Best Random Guest Appearance: Norman Lloyd on "Modern Family." Forget about Betty White for a moment-- it's a marvel that the 96-year-old thespian still manages to nab steady work. Best known as the last surviving member of Orson Welles' Mercury Theater players and as Dr. Auschlander on "St. Elsewhere," Lloyd is a living legend that 90% of the populace knows nothing about. I almost didn't notice him when I saw the "Manny Get Your Gun" episode, which either says something about Lloyd's advanced age or his workman-like ability to disappear into a role.
Worst Random Guest Appearance: Justin Bieber on "CSI." Do I really need to explain this?
Worst Show of 2010: "Bridalplasty," E! Aspiring brides-to-be compete for boob jobs and facelifts in a narcissistic, disturbing, and altogether sad mash-up of "The Swan" and "Say Yes to the Dress." Case evidence of reality television and their obsession with the lowest common denominator.
Runner-Up: "Outsourced," NBC. If this were halfway decent, I would've forgave NBC for handing Park & Rec's time slot to this culture-clash single-camera comedy. Instead, "Outsourced" is more or less the Indian "Amos n' Andy," playing to stereotypes about spicy food, funny accents, and polytheism like a New Dehli minstrel show. Saying this show is an accurate depiction of an Indian workplace is like saying Sbarro is the cutting edge of Italian cuisine.
THE YEAR IN NEWS
My Favorite Political Cartoon of 2010: This.
In Memoriam: Miep Gies, J.D. Salinger, Eric Rohmer, Doug Fieger, T-Bone Wolk, Merlin Olsen, Lynn Redgrave, Dennis Hopper, Sen. Robert Byrd, Lena Horne, Ronnie James Dio, Rue McClanahan, Alex Chilton, Andy Hummel, John Wooden, Gloria Stuart, Greg Giraldo, Robert Schimmel, Tony Curtis, Jill Clayburgh, Barbara Billingsley, Tom Bosley, Leslie Nielsen, Dino DeLaurentiis, Elizabeth Edwards, Ted Sorensen, Maurice Lucas, Pat Burns, George "Sparky" Anderson, Bob Feller, "Dandy Don" Meredith, Roy Neuberger, Richard Holbrooke, Steve Landesberg, Blake Edwards, Teena Marie, Gardner Kissick, and "Still Bill" Johnson.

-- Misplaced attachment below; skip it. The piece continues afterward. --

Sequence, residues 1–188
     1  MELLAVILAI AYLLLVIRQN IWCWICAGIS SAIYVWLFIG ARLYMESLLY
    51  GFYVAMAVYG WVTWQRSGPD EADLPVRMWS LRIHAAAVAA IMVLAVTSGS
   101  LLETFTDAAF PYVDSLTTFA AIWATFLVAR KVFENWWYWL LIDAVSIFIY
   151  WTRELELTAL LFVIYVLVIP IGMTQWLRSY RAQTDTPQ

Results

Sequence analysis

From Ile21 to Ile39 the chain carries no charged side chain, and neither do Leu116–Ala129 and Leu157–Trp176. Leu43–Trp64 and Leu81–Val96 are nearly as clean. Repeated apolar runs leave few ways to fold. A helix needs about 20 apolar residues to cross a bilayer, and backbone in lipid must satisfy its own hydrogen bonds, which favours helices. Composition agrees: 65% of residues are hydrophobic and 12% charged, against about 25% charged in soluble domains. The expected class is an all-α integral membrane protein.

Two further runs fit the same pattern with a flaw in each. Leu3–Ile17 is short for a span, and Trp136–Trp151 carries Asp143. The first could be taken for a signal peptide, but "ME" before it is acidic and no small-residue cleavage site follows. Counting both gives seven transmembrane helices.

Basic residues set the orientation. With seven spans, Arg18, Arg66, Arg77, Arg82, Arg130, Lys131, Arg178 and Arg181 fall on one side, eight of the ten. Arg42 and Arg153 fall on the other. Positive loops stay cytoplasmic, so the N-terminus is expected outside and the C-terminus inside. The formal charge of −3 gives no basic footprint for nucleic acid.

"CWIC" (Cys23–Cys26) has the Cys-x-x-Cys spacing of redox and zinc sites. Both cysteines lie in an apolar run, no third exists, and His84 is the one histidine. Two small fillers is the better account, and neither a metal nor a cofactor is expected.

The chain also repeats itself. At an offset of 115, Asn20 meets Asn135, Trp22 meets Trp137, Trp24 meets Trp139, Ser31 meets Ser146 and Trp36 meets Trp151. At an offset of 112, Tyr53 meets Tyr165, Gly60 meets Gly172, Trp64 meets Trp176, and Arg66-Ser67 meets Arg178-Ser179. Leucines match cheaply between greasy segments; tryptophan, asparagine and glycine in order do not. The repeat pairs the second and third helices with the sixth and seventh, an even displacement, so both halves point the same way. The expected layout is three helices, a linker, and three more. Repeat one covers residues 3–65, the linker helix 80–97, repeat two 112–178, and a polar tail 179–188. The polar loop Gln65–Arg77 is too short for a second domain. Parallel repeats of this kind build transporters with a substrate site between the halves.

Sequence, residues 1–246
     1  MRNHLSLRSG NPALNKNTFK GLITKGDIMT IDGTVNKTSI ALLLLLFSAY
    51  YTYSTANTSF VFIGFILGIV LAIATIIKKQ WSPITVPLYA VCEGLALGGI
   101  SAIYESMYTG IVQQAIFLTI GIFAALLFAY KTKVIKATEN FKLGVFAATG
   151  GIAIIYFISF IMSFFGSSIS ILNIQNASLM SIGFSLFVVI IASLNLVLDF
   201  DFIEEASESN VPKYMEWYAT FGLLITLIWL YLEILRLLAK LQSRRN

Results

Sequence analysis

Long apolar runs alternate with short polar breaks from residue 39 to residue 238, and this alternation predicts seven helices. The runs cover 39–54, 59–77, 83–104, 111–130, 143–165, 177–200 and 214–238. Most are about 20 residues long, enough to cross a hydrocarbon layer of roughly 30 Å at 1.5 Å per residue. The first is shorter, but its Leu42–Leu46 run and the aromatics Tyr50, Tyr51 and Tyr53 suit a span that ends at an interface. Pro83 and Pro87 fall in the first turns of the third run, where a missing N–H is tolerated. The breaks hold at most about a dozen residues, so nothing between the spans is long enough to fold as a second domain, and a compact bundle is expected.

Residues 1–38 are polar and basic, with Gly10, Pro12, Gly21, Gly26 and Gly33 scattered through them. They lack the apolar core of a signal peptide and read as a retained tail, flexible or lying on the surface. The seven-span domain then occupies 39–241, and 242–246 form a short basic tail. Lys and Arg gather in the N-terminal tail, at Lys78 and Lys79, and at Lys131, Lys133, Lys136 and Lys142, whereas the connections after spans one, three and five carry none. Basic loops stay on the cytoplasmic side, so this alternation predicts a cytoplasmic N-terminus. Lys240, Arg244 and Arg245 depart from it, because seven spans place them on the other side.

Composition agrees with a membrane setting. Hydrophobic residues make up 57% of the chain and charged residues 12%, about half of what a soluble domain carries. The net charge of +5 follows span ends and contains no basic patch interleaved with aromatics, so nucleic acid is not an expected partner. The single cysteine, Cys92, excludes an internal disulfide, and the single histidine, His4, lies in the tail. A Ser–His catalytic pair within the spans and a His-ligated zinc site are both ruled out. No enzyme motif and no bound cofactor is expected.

Finally, because I haven't posted any in awhile, here's a couple of Top 5 lists to wrap up the year.
Five Obscure Monty Python References That Might Work as Names for Bands:
1. Hovercraft of Eels
2. Whicker's World
3. The Machine That Goes Bing
4. Kamikaze Highlander
5. Toad the Wet Sprocket*
Five Tips for Aspiring Grad School Students:
1. You have at least six bodily fluids you can donate to pay for tuition
2. If the school crest has a bottle of trucker pills on it, you're in good hands
3. Don't be afraid to consider moving far away to earn your masters or doctorate, as you will never see your friends and family anyway
4. As impressive as the publication of your epic research paper might be, it won't score you a free Whopper at Burger King
5. There is a growing perception in American culture that baccalaureate degrees are "the new high school diploma" since in the last 25 years, job growth has stagnated for Americans that stopped their education with a bachelor's, so imagine how far that masters will get you in the long run
SEE YOU IN 2011!